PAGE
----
A documentary commissioned by Al Jazeera, and wonderfully put together by Jamie Doran, was aired on the Arabic news channel last night. Providing a fascinating insight into the values, traditions and identities of the Celtic support, the film makes for essential viewing.
To describe the documentary, the metadata on Al Jazeera’s programme guide states: “Celtic FC has some of the most passionate fans in the world but their cause goes beyond sport and stands in the face of history’s greatest human rights issues.” The programme perfectly encapsulates that balance between supporters passions for football and certain issues away from the field. It achieves this by reflecting on the shared history of the club and Irish communities, as well as speaking to supporters in a modern context.
If viewers have any doubts over the size of Celtic Football Club, they are immediately dispelled when the narrator opens the documentary by explaining “Celtic is a football club in Glasgow. It was founded by Irish immigrants, so our story begins… in Albania.” There’s a purpose behind the humour as we are met with the Albanian President, who is a passionate fan of the club. From there, footage is shown of Celtic supporter’s in Sydney, Munich, Thailand and beyond.
To understand how Celtic became so vastly supported, it is important to understand the club’s humble beginnings. Jamie Doran ensures that the Irish origins and charitable roots of Celtic are suitably covered, by synopsising the story from the club’s birthplace – St Mary’s Catholic Church in the Calton district of Glasgow.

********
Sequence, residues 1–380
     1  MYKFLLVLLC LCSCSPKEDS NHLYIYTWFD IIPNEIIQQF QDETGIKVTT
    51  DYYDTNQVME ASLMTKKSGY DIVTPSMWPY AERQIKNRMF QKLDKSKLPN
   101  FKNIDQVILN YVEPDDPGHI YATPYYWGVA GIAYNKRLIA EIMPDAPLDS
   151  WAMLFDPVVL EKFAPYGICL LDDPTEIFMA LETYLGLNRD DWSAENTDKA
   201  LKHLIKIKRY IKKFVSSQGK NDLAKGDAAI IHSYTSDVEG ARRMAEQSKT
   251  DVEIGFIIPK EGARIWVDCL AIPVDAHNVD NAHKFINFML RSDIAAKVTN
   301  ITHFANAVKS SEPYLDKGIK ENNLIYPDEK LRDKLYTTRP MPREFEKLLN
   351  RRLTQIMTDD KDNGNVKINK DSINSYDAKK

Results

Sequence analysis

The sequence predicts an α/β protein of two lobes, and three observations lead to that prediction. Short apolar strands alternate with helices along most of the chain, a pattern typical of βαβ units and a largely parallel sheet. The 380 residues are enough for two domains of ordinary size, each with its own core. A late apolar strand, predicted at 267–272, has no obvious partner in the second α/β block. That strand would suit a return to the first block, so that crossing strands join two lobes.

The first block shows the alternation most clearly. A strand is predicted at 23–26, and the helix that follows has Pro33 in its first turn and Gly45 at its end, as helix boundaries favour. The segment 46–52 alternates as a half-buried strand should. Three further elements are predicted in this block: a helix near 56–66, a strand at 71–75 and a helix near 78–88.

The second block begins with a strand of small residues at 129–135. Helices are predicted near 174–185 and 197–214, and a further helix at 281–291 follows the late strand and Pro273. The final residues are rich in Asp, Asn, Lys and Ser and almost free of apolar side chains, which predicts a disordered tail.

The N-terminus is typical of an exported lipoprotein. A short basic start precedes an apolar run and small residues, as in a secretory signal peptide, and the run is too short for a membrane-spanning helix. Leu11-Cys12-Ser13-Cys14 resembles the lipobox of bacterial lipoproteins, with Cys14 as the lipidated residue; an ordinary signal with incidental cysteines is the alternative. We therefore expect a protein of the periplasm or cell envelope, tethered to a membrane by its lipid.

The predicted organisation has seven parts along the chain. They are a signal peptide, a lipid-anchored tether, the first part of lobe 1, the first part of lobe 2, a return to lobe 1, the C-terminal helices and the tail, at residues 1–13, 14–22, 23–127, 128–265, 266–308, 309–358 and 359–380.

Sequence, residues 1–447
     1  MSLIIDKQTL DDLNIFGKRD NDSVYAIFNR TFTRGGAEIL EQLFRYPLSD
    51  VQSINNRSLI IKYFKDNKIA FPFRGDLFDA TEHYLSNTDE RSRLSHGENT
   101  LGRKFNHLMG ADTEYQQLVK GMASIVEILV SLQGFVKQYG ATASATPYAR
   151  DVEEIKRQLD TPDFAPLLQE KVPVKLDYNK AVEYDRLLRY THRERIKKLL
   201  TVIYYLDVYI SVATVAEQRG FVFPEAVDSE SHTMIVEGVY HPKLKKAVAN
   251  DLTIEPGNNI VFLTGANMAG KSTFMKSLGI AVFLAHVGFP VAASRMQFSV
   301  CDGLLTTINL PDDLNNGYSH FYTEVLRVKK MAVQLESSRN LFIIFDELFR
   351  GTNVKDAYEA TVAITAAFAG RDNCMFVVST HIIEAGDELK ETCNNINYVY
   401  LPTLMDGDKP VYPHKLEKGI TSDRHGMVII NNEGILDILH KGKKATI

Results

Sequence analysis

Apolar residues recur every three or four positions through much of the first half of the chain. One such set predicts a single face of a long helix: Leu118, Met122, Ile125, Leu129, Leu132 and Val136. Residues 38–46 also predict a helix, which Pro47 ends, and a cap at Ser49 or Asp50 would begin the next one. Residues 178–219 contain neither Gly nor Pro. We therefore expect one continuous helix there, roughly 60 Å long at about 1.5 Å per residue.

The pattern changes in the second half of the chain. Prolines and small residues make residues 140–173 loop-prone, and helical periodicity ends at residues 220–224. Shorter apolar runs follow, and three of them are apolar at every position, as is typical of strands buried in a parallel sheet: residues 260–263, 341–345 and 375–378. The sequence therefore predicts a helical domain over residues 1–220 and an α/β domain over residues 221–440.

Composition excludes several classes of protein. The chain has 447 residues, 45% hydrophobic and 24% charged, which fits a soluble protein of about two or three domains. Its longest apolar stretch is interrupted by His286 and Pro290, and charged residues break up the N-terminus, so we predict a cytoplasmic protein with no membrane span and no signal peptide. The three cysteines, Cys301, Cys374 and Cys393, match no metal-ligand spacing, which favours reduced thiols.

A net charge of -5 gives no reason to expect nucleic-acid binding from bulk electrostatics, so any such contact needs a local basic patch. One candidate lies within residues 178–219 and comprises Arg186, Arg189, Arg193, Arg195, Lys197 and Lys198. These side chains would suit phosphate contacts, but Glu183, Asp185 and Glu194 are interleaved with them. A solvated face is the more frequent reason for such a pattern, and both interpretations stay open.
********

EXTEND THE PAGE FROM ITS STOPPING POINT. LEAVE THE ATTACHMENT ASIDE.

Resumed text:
From one spiritual home to another, Doran takes viewers across the water to the north of Ireland, and West Belfast specifically. There, scenes from a recent title party are displayed and the famous leader of the “Scooter Squad” is interviewed about his devotion to the green and white hoops.
Whether certain sections of society like it or not, a considerable part of the Celtic support have always held the cause of Irish freedom dear since the outset of the club. The singing of songs about Ireland’s struggle for independence and civil rights has formed the backdrop to many games. The politics behind these songs is one of the key aspects in the rivalry between Celtic and Rangers.
As such, the Republican and Loyalist communities are momentarily explored, with an explanation as to how this conflict and divided society transmits to Glasgow. Interestingly, the mural paintings on the Republican Falls Road are very international and progressive in their outlook. Indeed, viewers see images of Nelson Mandela, Martin Luther King, Palestine, Black Lives Matter and even a piece of art dedicated to combatting climate change. By contrast, the other side of the peace wall is littered with inward looking paintings, triumphant and closed minded in their character. To further explain the differences between these communities, who almost embody Celtic and Rangers, Jamie speaks to local mural painters and professors at the famous Queen’s University.
It’s not all heavy viewing though and indeed the scenes quickly refocus on the heartwarming story of young Celtic fan, Jay Beatty, who the world took to their hearts. After that touching footage, we are bequeathed with stories of the passion that supporters have for this club… from the garage of a Belfast house of all places!
Tony Coleman set up a Celtic radio show from those confines, but he has also established a Celtic shrine on the walls. He speaks of the gift of Celtic being passed down the family, from generation to generation, describing supporting the club as “a birthright.” Inadvertently, Tony’s Celtic inspired décor also presents a world view. There are posters illustrating the invasion of Palestinian land, flags in tribute to Che Guevara, and scarves expressing Irish identity along with support for the cause of Irish Republicanism.